Confessions of a pacifist — Part 2


[Continued from last week.]

Following Marine Corps boot camp, I went to a six-month course at the United States Army Quartermaster School at Fort Lee, Va. During that time I was safe with my secret pacifist views. I settled in to a hectic but predictable routine during that period of time.

After several months, I was called in to the office and told that, following completion of the school, I needed to prepare for service in Vietnam. As I walked away from the building, I thought that I needed to call my parents. What would I say? “Hey, Mom and Dad, I’m going to Vietnam but, because of my readings in the New Testament, I believe that I cannot shoot another human being even to defend myself or someone else. Oh, and no one in the Marine Corps is aware that I feel and believe this way. So, if I see combat, I’ll probably die in Vietnam but I’m going to go because it’s my duty”?

But, no, I didn’t say that. In fact, as I was dialing the number, I knew I couldn’t say that. So, I decided to hang up, not make the call, and tell them nothing. I don’t recall that I was afraid. I do remember that I was resigned. I would do my duty, go where I was told, keep my pacifism to myself, and trust God for the outcome.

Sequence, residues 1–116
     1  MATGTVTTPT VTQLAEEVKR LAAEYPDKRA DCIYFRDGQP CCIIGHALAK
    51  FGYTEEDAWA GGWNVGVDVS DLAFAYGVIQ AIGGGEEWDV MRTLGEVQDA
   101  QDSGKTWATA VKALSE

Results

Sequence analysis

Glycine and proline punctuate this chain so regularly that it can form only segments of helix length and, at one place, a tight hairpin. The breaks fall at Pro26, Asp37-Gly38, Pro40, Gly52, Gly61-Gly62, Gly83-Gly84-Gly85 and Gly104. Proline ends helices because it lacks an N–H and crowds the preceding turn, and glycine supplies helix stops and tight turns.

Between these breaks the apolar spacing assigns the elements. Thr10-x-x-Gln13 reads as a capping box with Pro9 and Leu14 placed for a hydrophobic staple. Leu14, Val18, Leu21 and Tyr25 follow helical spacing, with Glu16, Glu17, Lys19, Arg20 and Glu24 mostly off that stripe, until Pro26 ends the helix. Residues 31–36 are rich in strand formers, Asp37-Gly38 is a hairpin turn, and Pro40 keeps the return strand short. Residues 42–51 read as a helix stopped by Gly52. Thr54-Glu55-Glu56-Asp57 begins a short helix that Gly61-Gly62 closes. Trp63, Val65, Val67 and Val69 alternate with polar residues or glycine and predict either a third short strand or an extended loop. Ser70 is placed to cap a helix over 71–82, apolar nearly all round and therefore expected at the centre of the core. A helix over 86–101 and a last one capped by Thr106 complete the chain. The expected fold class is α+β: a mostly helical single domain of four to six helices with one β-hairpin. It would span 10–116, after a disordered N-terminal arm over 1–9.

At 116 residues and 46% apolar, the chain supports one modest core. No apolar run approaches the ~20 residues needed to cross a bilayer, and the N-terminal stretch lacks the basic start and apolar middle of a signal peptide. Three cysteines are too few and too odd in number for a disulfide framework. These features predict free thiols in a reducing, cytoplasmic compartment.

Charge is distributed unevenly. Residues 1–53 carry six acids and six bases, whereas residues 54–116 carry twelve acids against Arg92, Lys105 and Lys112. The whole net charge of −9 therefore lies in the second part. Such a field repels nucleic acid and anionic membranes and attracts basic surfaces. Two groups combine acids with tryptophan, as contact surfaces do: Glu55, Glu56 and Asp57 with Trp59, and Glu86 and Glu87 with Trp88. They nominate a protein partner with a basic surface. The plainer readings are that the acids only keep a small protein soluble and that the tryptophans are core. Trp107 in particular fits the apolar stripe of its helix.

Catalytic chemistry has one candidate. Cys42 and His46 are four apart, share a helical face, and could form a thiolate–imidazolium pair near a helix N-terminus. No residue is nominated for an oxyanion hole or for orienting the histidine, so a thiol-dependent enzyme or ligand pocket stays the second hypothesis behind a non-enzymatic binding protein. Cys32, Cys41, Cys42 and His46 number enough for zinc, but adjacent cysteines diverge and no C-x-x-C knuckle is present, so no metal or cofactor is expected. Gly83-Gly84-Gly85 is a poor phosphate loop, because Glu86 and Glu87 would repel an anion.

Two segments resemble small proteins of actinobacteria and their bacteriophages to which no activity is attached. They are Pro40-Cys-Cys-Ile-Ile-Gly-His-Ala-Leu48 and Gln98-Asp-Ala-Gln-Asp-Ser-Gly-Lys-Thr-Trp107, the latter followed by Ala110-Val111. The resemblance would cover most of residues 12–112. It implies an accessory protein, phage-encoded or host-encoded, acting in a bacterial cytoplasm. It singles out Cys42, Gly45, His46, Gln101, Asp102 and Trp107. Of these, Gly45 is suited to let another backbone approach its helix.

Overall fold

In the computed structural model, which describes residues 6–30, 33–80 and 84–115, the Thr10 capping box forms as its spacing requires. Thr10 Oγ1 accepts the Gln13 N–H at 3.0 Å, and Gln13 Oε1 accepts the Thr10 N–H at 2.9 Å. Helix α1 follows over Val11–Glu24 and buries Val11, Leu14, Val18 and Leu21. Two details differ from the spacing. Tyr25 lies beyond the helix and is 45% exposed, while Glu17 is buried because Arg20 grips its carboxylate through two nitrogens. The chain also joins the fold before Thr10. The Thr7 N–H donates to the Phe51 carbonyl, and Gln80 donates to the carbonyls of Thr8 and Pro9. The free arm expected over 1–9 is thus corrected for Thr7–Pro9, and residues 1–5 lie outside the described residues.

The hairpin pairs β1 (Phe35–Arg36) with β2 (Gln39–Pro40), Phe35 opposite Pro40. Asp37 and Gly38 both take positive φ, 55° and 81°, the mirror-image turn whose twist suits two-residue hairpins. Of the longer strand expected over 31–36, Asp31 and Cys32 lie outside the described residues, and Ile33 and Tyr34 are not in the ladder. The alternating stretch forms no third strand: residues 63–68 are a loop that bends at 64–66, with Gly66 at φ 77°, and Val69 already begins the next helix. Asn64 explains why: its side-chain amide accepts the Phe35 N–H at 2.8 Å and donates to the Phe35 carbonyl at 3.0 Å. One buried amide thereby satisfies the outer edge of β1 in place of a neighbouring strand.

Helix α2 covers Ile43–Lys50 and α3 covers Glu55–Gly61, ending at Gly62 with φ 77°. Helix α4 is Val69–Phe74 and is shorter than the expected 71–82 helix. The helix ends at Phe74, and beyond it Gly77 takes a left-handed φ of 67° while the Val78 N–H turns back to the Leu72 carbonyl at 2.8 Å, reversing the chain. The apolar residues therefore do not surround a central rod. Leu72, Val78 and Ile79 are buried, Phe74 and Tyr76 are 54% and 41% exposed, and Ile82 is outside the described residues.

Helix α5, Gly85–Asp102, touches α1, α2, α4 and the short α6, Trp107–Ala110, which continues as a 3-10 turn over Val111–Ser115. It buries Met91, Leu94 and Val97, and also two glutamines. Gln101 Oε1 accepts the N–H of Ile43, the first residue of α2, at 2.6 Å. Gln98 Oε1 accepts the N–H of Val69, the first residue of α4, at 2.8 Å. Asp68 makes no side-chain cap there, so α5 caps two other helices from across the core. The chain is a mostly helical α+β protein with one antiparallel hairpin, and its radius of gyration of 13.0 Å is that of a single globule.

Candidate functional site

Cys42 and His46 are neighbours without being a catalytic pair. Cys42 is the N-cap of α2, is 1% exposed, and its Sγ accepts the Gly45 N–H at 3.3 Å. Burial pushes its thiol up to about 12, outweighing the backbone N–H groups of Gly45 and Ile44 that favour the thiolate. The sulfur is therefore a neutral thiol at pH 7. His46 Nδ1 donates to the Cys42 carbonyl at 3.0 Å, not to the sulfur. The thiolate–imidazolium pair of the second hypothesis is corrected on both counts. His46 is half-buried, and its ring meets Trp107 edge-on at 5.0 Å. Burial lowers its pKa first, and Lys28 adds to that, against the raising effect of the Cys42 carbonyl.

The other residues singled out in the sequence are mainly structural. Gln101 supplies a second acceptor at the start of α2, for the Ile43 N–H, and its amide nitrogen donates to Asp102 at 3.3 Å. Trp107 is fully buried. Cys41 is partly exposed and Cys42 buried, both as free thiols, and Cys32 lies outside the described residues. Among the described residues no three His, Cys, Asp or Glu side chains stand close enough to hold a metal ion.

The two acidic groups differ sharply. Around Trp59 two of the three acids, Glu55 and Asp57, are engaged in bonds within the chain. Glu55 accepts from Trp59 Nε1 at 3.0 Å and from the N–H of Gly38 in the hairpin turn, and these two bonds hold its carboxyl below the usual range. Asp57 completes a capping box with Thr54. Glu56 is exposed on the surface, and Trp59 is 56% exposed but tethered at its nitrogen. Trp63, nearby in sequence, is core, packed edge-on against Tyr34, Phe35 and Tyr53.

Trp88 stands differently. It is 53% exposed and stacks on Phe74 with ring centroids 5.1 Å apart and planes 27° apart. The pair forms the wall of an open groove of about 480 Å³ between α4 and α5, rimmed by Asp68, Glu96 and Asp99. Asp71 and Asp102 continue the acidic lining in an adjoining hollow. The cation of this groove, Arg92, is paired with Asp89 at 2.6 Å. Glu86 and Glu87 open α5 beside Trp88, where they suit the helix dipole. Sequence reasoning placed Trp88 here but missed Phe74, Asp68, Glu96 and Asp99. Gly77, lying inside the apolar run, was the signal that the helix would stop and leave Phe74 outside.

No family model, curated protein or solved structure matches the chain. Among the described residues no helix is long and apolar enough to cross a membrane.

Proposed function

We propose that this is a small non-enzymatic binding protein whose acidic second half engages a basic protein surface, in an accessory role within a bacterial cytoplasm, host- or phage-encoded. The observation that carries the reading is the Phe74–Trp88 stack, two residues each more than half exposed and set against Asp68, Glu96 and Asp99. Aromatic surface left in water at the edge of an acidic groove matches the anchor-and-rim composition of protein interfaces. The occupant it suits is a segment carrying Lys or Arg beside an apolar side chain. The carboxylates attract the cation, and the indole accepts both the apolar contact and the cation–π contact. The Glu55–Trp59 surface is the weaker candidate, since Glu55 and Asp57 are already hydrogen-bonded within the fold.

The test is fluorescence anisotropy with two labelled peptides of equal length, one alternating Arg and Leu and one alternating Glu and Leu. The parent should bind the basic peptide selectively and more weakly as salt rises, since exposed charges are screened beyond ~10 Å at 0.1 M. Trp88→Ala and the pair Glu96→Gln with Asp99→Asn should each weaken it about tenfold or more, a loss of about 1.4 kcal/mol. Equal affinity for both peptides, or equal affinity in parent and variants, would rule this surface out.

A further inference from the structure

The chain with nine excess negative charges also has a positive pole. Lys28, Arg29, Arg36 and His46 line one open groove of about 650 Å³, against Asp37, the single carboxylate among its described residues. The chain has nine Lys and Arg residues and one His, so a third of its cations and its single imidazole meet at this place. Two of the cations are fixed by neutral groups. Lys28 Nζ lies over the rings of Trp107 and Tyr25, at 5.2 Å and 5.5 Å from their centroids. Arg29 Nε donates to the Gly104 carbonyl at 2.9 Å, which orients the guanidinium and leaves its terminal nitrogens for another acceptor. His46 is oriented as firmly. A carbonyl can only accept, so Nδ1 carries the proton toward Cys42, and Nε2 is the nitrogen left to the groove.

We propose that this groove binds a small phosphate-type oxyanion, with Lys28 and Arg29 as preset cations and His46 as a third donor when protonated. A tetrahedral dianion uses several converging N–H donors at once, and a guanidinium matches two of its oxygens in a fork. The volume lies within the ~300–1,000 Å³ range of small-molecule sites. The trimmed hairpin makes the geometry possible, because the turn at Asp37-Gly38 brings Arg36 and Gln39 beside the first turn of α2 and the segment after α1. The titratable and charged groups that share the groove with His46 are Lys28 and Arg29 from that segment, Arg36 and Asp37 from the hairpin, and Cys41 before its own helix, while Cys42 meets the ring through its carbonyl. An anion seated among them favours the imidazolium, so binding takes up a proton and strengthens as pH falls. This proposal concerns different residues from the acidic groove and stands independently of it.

Not long ago, I went to lunch with a man who has seen countless assignments in either Iraq or Afghanistan. I asked him if he thought about or was afraid of getting killed. The man, a Christian who is also a genuine warrior, said, “No, not really. Oh, I am well aware that I could die. But I’m in the Lord’s hands. If I come home safe, and that gives Him glory, I’m good with that. However, if I get killed and He somehow gets glory from that, I’m okay with that too. Either way, I’m in his hands.”

I didn’t go to Vietnam. Several weeks later, I was informed that things had changed and I was no longer to worry about going. I didn’t ask questions and I still don’t know how these things work. For the time being, at least, I wasn’t going to have to shoot or to be shot. Although, since that time, I have suffered a fair amount of guilt over not going to Vietnam, at the time I just accepted it for what it was. I was there to do my duty and to obey lawful orders.

I discovered that it is relatively easy to be a pacifist when things are peaceful and all is well. I was never a brawler so I didn’t look for conflicts. Growing up in a working class neighborhood, I discovered that making friends and having a good sense of humor prevented most fights. It was the same on a Marine Base. Keeping your nose clean, doing your job, and keeping your mouth shut goes a long way in the prevention of violence.

And, then, some things changed.

[To be continued next week.]

[David Epps is the pastor of the Cathedral of Christ the King, Sharpsburg, GA between Newnan and Peachtree City ( He is the bishop of the Charismatic Episcopal Diocese of the Mid-South which consists of Georgia and Tennessee ( and the Associate Endorser for the Department of the Armed Forces, U. S. Military Chaplains, ICCEC. He may contacted at]